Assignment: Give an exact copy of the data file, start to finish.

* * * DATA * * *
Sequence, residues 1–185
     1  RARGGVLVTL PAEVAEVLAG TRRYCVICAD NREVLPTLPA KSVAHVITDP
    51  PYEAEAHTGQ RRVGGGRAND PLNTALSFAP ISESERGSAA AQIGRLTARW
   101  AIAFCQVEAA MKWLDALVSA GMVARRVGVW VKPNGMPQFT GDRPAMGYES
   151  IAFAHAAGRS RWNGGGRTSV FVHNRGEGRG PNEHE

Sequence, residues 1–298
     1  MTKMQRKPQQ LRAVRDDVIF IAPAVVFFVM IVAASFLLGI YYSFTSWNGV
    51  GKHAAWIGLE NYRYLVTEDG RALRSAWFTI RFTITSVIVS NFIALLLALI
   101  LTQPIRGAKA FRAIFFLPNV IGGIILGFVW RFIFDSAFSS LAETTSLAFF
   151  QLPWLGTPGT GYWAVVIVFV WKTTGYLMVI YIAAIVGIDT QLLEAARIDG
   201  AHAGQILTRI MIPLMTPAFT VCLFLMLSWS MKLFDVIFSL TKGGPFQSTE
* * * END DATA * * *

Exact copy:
Sequence, residues 1–185
     1  RARGGVLVTL PAEVAEVLAG TRRYCVICAD NREVLPTLPA KSVAHVITDP
    51  PYEAEAHTGQ RRVGGGRAND PLNTALSFAP ISESERGSAA AQIGRLTARW
   101  AIAFCQVEAA MKWLDALVSA GMVARRVGVW VKPNGMPQFT GDRPAMGYES
   151  IAFAHAAGRS RWNGGGRTSV FVHNRGEGRG PNEHE

Sequence, residues 1–298
     1  MTKMQRKPQQ LRAVRDDVIF IAPAVVFFVM IVAASFLLGI YYSFTSWNGV
    51  GKHAAWIGLE NYRYLVTEDG RALRSAWFTI RFTITSVIVS NFIALLLALI
   101  LTQPIRGAKA FRAIFFLPNV IGGIILGFVW RFIFDSAFSS LAETTSLAFF
   151  QLPWLGTPGT GYWAVVIVFV WKTTGYLMVI YIAAIVGIDT QLLEAARIDG
   201  AHAGQILTRI MIPLMTPAFT VCLFLMLSWS MKLFDVIFSL TKGGPFQSTE